Thursday, August 16, 2007



Thought to be an extinct art form, a music video was seen on VH1 in the early morning hours of August 15, 2007. The song was lousy, the female singer ugly, but it was a music video nonetheless.


Intellectual Public Property

I've been thinking a lot about intellectual property rights. Under current law, copyright is assigned at the moment of creation, and extends for the life of the creator plus 70 years. Additionally, works for hire (such as those contracted by corporations) are copyright for either 95 or 120 years, depending on the circumstance, and whichever is less.

Some time ago, I read about prolific author Noam Chomsky's dodge concerning intellectual property. He assigned all rights to his works to his daughter, so that regardless of the law, after his death his works will remain a money-maker for the Chomskys. I assume they could do this ad-infinitum.

What a rotten, lousy, stinking thing for an anarchistic liberal to do, I say. Aren't libs supposed to be about public good and such? Speaking as an author myself, I'd think any writer would want their works in the public domain sooner rather than later, especially for socialist-minded people. Not so in this case.

The author in me (writer, composer, filmmaker) got to thinking about intellectual property as a whole: what's good policy to protect the author, and promote social literacy?

Certainly, someone who makes their living as an author should bear the fruits of their work. But also, shouldn't the society which created that author gain from it, too?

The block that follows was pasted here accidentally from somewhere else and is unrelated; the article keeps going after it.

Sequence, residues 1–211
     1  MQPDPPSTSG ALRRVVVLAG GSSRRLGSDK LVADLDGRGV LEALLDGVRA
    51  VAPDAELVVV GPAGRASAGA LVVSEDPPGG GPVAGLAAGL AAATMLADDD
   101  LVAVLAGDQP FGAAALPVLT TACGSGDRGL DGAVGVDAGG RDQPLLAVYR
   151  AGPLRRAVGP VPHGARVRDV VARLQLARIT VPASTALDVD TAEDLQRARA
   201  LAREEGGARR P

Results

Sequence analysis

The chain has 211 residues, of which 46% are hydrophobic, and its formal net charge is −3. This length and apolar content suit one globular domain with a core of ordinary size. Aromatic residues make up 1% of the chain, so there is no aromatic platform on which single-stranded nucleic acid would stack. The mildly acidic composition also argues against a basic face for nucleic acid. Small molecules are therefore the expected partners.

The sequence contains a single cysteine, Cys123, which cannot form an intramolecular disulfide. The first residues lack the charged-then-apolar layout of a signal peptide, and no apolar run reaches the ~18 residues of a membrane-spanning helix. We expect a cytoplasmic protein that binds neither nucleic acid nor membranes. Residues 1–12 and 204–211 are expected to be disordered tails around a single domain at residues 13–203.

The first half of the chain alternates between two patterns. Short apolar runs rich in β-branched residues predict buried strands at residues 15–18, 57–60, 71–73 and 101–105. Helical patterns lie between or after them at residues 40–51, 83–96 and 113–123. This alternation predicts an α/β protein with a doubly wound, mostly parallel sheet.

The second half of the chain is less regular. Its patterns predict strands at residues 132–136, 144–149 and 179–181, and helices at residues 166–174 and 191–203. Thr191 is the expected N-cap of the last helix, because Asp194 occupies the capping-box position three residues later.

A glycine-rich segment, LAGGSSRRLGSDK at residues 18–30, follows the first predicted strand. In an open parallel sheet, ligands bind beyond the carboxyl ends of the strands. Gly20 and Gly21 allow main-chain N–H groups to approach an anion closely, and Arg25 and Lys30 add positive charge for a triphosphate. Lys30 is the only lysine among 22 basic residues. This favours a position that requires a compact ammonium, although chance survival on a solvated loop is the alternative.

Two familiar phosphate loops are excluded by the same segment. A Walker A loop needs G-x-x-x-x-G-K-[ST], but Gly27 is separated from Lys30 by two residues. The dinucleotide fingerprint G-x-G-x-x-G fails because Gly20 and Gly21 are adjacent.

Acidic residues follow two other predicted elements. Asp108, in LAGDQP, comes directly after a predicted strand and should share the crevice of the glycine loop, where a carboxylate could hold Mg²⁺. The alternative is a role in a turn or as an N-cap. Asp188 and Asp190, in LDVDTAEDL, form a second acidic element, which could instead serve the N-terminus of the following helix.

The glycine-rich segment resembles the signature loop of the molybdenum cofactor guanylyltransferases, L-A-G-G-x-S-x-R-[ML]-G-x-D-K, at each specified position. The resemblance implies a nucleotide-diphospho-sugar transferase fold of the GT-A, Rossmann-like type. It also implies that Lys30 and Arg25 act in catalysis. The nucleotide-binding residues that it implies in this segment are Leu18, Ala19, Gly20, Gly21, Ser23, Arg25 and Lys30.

What I came to is that, of course, US laws on the matter are a mess - overly complicated, rife with loopholes, and favoring commerce over public good. Bear in mind, I'm no socialist by any measure, and even I see there there are limits to everything.

My view is that the law should certainly protect original works made by an individual for the life of that individual. However, that's where it should end. Upon the death of the author, the work should transfer to the public domain, period.

For rights held by corporations, I'm less generous; treatment such as that applied to US patents could be appropriate: Design patents are protected for 14 years. So, any work for hire or work owned by a corporation (this includes literary works and major motion pictures), remains the sole property of the corporation for 14 years, then into the public domain it goes.

I'm not really the socialist I seem to be - quite the contrary. However, I believe that money generated in the media has become obscene, and its time the public got a break.

And just as open source software has been a really good thing for the computer industry, so will this be to elevate the marketplace of ideas, which is the goal, after all.

What do you think?

Zebron and James